- Marble tile with deep gray veins with a warm undertone
- Hardwood in rich golden or deep browns
Paint Finish Recommendation
I would suggest a satin finish or semi gloss finish on cabinets and trim, with satin or velvet finish on walls. Although matte finishes are usually less expensive, I’m not a fan and rarely use them.
A flat or matte finish can be a pain to keep clean because it shows every single fingerprint and mark. Do yourself a favor and pick a finish with some sheen like Satin especially on areas that get high use like a kitchen or bathroom. It’s easier to clean plus it lets light bounce and reflect around the room. Win!
Using a Color Scheme Throughout the House
Choose a color palette or scheme as the first step to design your space. A curated group of colors that work well together is what I preach. Using consistent colors throughout your home will make it feel calmer, more pulled together and intentional – like you know what you’re doing!
You can still use other colors of course. Pick some accent colors to use in accessories, furniture and flooring. But keep 2-4 colors as your main go to shades for each room.
Your color palettes can help you choose paint for walls, but also other wall and flooring finishes. Not sure about the tone in a rug sample? Hold it up to the paint swatch in natural light.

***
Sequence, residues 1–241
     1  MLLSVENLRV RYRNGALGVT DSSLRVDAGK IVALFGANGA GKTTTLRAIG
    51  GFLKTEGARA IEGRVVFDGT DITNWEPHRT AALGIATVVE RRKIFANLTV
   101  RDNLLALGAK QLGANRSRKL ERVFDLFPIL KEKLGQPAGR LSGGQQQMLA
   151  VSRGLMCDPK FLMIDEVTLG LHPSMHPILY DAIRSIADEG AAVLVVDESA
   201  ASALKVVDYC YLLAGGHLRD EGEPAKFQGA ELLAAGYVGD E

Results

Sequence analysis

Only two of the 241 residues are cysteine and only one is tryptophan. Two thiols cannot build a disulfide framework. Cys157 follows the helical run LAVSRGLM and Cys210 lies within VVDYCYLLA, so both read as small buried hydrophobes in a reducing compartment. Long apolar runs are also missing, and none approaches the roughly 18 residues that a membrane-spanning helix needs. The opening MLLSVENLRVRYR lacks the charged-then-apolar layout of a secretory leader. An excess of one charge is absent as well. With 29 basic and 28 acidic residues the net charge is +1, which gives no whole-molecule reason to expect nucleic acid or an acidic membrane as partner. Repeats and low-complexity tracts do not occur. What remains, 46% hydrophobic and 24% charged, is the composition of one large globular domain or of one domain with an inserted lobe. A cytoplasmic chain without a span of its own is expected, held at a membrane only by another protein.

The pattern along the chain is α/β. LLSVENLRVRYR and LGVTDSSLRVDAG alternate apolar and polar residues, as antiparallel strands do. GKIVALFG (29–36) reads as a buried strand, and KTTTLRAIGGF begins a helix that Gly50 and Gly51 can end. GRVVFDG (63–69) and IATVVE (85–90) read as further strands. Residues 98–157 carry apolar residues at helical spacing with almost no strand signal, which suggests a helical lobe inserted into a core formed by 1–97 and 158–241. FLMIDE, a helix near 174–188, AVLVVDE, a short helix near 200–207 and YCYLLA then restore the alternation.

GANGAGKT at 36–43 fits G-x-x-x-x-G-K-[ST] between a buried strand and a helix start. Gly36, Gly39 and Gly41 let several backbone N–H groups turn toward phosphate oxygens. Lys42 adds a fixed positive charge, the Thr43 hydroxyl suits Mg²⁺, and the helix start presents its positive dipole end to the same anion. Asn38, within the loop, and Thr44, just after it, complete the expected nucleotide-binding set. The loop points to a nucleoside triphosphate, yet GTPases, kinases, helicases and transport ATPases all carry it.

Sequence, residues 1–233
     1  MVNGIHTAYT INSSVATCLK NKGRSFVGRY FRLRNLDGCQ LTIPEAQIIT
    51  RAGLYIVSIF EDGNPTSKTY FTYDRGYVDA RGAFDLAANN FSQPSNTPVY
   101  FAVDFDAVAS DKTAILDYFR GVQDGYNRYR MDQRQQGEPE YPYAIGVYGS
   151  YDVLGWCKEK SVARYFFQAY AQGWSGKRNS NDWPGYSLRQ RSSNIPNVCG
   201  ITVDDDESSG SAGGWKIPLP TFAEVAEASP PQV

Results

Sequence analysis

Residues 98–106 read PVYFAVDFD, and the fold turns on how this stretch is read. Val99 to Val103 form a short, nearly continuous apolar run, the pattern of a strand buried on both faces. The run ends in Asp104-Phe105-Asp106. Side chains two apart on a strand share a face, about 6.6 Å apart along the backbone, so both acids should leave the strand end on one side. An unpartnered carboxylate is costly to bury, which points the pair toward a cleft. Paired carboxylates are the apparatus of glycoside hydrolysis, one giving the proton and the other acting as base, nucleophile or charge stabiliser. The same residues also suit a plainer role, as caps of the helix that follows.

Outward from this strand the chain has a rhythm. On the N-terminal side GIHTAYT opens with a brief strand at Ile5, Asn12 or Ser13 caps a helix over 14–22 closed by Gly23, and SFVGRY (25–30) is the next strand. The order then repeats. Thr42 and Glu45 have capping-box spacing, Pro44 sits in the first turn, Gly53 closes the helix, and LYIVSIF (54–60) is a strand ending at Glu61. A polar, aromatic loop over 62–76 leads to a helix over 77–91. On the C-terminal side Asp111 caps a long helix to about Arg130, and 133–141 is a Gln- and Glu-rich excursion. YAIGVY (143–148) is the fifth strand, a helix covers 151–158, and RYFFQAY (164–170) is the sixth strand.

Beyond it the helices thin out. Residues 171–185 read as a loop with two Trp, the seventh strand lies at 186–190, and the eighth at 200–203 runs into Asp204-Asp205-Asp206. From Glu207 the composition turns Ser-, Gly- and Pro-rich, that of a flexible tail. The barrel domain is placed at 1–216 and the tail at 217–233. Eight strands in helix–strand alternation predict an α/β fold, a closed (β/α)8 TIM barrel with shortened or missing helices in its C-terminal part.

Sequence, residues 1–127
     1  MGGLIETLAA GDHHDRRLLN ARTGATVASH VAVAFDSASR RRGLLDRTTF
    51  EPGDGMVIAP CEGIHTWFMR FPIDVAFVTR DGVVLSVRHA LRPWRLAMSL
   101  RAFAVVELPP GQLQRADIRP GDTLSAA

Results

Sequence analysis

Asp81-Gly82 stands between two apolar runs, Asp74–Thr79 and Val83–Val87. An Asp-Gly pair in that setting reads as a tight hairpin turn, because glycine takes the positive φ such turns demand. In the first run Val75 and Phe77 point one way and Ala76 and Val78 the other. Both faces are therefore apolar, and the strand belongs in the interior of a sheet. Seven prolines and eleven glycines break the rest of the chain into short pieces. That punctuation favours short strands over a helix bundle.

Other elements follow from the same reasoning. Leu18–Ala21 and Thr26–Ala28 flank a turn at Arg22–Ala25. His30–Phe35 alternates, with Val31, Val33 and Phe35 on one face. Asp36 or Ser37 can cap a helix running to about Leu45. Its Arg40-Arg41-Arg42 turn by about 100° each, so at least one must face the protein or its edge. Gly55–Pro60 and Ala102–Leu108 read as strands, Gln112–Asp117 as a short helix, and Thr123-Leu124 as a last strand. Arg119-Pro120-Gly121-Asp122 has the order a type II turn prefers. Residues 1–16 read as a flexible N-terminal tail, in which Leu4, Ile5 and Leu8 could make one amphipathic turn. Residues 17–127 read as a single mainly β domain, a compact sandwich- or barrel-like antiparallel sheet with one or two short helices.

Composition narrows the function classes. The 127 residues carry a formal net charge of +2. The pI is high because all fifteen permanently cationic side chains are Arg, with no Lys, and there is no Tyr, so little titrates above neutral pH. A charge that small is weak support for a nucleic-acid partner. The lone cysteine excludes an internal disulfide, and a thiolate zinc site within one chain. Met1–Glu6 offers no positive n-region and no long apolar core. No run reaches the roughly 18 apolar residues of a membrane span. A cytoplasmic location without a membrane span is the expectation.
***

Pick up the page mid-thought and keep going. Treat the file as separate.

Use your paint swatches to pick tile backsplash and bathroom tile too. It doesn’t have to match but it should be in the same hue or tint.
Your color palette can help when choosing the right color for a sofa or chair.
The same’s true for deciding on curtains or window treatments. Each time you repeat these colors, whether as a solid (painted wall), a texture (flooring) or a pattern (fabric) you’re making this color thing work!
As an easy decision maker when making choices about what to buy, what to keep or what to get rid of in your home, you can’t go wrong with using your palette.
Still not sure what color is right? Learn more about a quick affordable solution, my Color Clarity service.